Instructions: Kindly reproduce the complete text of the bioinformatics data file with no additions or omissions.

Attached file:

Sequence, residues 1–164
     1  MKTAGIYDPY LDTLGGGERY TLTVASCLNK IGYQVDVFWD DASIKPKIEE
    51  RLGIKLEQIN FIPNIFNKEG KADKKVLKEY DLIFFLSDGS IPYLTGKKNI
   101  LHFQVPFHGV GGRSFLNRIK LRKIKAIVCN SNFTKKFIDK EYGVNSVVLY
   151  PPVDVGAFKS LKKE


Sequence, residues 1–164
     1  MKTAGIYDPY LDTLGGGERY TLTVASCLNK IGYQVDVFWD DASIKPKIEE
    51  RLGIKLEQIN FIPNIFNKEG KADKKVLKEY DLIFFLSDGS IPYLTGKKNI
   101  LHFQVPFHGV GGRSFLNRIK LRKIKAIVCN SNFTKKFIDK EYGVNSVVLY
   151  PPVDVGAFKS LKKE